Sergeant Sibongiseni “Angel” Mkhize started growing veggies at her police station to give young locals a means to support themselves… and to turn them off crime. Picture: SAPS

For Sergeant Sibongiseni “Angel” Mkhize – who started a vegetable garden at her police station as a means of teaching self-sufficiency and to feed the indigent – the project is about more than food: it’s about empowerment.

Police spokeswoman Captain Nqobile Gwala said in response to The Mercury’s queries that Mkhize was employed at Estcourt Social Crime Prevention where she dealt with the Youth Desk. 

“The garden was established in August 2017 and is a teaching tool. Youth from Estcourt are invited to the police station where they are taught how to plant and tend a garden. The aim of this project is to encourage the youth to start their own gardens in their communities. This will offer them an opportunity for employment and will serve to feed themselves and their family.”

Gwala said the idea was that the youth would be doing something positive to benefit themselves and the community and they would have no desire or the need to commit crimes in order to survive.

The garden yields spinach, potatoes, carrots, cabbage, lettuce, beetroot, and green pepper. 

“The vegetables are donated to members of the community who visit clinics and need to eat a healthy meal while taking medication. Other recipients are households where there is no breadwinner.”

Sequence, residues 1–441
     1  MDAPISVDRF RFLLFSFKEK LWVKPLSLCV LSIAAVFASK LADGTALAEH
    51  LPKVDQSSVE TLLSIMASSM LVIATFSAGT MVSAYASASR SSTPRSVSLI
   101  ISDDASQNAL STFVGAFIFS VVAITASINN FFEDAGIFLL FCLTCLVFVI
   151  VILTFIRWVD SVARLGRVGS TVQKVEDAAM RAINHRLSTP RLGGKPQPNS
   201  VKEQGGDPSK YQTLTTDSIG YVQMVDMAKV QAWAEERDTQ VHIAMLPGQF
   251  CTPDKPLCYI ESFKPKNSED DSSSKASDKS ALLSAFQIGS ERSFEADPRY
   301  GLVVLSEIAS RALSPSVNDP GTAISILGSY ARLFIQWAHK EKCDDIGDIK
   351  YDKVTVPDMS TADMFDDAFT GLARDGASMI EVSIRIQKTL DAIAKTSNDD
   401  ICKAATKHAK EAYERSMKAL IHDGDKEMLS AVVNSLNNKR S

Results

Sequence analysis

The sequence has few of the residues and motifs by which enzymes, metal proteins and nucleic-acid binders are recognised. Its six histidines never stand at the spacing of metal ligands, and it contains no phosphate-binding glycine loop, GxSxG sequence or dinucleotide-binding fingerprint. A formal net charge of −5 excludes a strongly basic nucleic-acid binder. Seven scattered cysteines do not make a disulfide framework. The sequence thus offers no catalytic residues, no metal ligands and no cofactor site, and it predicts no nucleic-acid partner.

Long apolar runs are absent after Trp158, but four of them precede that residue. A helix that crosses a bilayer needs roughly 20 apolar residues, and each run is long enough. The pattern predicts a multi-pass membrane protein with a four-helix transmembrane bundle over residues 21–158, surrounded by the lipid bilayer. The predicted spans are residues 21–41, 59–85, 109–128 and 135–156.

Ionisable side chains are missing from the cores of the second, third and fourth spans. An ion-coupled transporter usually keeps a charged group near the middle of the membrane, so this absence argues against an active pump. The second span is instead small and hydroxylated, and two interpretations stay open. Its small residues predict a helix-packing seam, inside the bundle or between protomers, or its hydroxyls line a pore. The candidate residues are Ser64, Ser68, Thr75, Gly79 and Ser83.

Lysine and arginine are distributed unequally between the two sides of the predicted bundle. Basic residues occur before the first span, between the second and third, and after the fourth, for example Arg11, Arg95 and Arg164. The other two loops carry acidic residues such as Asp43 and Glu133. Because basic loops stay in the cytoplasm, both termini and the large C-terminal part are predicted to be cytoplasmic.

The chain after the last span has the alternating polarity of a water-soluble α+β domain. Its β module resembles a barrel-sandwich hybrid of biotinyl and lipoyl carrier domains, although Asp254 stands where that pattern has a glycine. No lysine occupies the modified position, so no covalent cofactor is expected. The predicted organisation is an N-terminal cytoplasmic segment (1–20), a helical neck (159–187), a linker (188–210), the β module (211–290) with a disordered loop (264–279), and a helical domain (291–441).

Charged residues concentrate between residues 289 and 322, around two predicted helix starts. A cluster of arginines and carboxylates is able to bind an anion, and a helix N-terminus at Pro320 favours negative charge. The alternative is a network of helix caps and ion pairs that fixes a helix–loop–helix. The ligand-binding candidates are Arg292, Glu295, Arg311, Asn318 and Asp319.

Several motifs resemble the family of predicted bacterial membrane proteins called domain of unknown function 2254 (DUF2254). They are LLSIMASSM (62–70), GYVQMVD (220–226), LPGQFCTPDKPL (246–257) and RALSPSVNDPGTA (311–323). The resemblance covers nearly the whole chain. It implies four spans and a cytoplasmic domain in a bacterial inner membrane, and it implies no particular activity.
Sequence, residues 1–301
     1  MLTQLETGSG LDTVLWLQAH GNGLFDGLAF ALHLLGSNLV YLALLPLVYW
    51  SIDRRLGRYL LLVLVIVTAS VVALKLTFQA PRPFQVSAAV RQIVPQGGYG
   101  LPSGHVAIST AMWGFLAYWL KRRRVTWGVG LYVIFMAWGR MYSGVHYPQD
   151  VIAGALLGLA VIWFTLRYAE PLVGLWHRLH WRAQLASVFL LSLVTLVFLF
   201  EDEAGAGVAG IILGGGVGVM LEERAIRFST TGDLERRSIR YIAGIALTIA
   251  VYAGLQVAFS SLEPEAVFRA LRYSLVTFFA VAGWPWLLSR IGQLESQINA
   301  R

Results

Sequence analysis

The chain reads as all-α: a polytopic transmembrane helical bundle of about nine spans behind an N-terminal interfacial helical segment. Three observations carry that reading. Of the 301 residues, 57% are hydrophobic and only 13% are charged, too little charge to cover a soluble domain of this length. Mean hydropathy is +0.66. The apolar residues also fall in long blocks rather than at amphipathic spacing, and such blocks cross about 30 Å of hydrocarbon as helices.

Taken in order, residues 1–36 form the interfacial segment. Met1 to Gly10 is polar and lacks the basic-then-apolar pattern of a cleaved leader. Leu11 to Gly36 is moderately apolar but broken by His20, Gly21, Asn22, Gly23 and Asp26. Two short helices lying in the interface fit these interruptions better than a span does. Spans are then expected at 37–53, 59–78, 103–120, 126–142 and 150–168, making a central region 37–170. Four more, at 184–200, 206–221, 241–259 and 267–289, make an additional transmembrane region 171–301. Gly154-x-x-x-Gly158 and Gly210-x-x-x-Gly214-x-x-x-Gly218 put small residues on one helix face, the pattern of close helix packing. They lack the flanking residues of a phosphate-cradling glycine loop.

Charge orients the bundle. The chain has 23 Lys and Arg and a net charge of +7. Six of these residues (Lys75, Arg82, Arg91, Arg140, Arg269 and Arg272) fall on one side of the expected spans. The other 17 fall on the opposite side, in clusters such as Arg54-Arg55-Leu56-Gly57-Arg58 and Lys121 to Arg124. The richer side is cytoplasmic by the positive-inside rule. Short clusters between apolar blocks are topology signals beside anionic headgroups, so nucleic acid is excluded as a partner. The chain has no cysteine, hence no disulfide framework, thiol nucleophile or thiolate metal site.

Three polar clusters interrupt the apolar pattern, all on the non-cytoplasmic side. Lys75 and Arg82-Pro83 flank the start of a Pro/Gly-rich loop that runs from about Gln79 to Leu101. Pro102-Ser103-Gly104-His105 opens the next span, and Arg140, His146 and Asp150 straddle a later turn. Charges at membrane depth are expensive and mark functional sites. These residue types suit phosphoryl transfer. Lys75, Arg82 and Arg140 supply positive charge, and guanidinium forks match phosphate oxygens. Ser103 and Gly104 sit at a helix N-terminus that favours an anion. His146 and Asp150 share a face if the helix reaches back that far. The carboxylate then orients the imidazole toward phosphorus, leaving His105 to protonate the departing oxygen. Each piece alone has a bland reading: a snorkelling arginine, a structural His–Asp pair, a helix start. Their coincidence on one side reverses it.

Mkhize, she said, also went out to the community to teach them gardening and responsible water use, advocating the use of grey water to water gardens. 

“She started out with a few packs of seeds she bought herself. Since then a local farmer saw the initiative and supplied more seeds which Mkhize has distributed to schools and the community so that they may start their own gardens.”

Mkhize tends the garden by herself during teaching sessions with the youth and, over weekends, does the gardening herself. 

“She believes that if you do something yourself, with your bare hands, others will trust you and follow your example.”

Gwala said the biggest stumbling block for most of the youth was the lack of a space to make a garden. 
“Another farmer in the area has approached her and she is hopeful that the initiative will soon spread its wings.”